A Steroid Hit The Earth Paperback – 3 Aug 2009
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'A Steroid Hit the Earth is full of linguistic delights and treasures. Fantastic.' David Crystal
About the Author
Martin Toseland is a writer and editor, having worked for both Penguin and HarperColllins. He is an authority on language-related subjects.
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Top Customer Reviews
There are plenty of pages to keep you amused, though I have to admit I read it all in one sitting. And I laughed out loud for much of that time. There are some very funny misprints. And some that I didn't find at all funny, but that's par for the course.
It's divided into sections, with some editorial stuff, but thankfully not too much.
My favourite bit is the section on corrections, some of which are funnier than the misprints were to start with.
My reservation with this book is that unlike, say, the 'Boobs' series of books, the misprints in here are not photographs of the original cuttings, just the misprints typed out. To me that takes something away, makes it seem less authentic. There's always the possibility that they're embellished, or even made up. Probably not of course, but there's nothing like seeing the original.
And I have seen some of these misprints before in other books.
So, it's not the best of its type, but it is pretty good. And it's so nicely printed and packaged that it will inevitably make a great stocking filler, and one that's better than most gift books of this ilk.
Many mistakes consist of missing a letter from a word thus making the finished piece nonsensical. These include firemen turning their noses (hoses), soldiers firing rubber pullets (bullets) and the police chasing a "getaway cat"(car) for more than forty miles. Others are inadvertent constructions such as the accident caused "as the dead man was crossing the intersection" which reminded me of the accurate report of a similar accident in a local newspaper in which the dead man's last words before crossing were "I think we can make it". Some could cause offence if they weren't so amusing including the widow who "visited the cemetery where her husband was buried on a number of occasions." On the other hand in 1838 the Rev. J W Morris was not amused when accosted by various ladies for having been reported as having proposed a tax on wives (wines).
Mistakes in newspapers are to be expected, more so in the days of hot print than now when spell checking computers correct all errors automatically - don't they? Not where grammar is concerned. The apostrophe seems to fool people most of the time, especially where it and it's are concerned. Books should be exempt from errors although Sir Henry H Johnston made it to print with, "The Nolotic race is remarkable for the disproportionately long legs of their men and women. They extend on the eastern side of the Nile right down into the Uganda Protectorate.Read more ›
The book covers a wide time period. While, as you'll see mentioned on the rear cover, it mentions biblical works from the 17th and 18th Centuries, the book seems to get the bulk of its material from the 1960s to the present day. This appears to be a compilation of the best 'mistakes' of the previous few decades rather than, say, some typos that were spotted in the last year.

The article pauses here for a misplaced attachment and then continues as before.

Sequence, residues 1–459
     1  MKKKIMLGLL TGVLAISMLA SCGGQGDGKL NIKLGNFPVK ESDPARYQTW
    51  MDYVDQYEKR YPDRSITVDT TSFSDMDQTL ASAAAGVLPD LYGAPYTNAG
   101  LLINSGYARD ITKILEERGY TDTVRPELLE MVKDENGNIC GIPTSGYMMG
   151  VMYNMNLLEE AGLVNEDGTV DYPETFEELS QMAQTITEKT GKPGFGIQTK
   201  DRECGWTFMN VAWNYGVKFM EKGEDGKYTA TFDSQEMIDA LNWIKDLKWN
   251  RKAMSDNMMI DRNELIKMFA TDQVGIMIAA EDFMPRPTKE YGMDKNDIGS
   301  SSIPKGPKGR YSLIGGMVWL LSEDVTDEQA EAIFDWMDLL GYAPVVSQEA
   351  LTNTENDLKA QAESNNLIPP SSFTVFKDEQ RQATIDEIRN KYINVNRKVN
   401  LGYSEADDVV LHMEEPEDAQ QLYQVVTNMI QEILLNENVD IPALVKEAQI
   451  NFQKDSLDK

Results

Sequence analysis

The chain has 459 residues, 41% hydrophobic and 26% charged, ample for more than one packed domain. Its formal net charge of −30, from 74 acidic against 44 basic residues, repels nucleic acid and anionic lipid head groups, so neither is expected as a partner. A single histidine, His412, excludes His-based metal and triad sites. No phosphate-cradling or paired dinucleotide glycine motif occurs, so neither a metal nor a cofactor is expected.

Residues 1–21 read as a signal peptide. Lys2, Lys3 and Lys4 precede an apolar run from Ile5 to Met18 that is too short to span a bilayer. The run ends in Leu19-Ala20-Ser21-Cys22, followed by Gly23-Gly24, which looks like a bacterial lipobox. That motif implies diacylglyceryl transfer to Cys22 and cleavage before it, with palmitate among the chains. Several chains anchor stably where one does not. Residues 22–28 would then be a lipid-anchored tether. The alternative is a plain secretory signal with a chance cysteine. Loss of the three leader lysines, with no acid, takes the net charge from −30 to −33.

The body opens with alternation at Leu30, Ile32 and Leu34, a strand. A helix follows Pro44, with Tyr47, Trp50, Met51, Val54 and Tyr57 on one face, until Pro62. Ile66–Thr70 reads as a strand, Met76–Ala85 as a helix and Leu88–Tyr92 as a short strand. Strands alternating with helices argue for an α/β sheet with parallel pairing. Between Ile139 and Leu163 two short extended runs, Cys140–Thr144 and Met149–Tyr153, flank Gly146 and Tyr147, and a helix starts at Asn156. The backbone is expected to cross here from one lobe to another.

It covers a wide range of sources, from local press to foreign menus. Again, this implies a dedication to the craft, rather than merely going over old ground. It has been well put together.
The book is divided in to sections with occasional smaller section dedicated to a more specific area of errors, so, for example, 'Church & Religion' features a variety of typos pertaining to that area, while a smaller section 'holy typos' is specifically about the aforementioned biblical errors. The wide range of areas targeted assure that there is something for everybody.
Overall this is a very funny books, nearly 200 pages long with (generally) 6 typos per page. It can be read chapter by chapter (each section has an introduction), or just dived into at will. The strength of this style of book is that even if you don't find an entry amusing, there are more on the same page that will raise a smile.
Most Recent Customer Reviews
Only halfway through this book but have already bought a copy for my sister. Impossible to read without laughing out loud - I love it.Published 18 months ago by Jensy
This is a brilliant book for dipping into. Really funny mis-spellings make the book well worth a read. Good buyPublished on 31 Dec. 2013 by roger white
My husband and grandson love this book. Not read it yet myself but hear the chortling so must be good.Published on 21 April 2013 by Amazon Customer
I do not find it possible to award any compilation 5 stars but this came close. The sellers description was only Good but I doubt it had ever been opened.Published on 24 Jan. 2013 by DuncanG
Arrived on time and in good condition. Not read yet, but looking forward to, English language anomalies are fascinating. J C Cronin BA (Hons)Published on 27 Nov. 2012 by J. C. CRONIN
I bought this for my 10 year old grandson who loves daft jokes as much as I do. It was a great success and we spent a lot of time giggling over the contents. Read morePublished on 16 Feb. 2012 by K. Clayden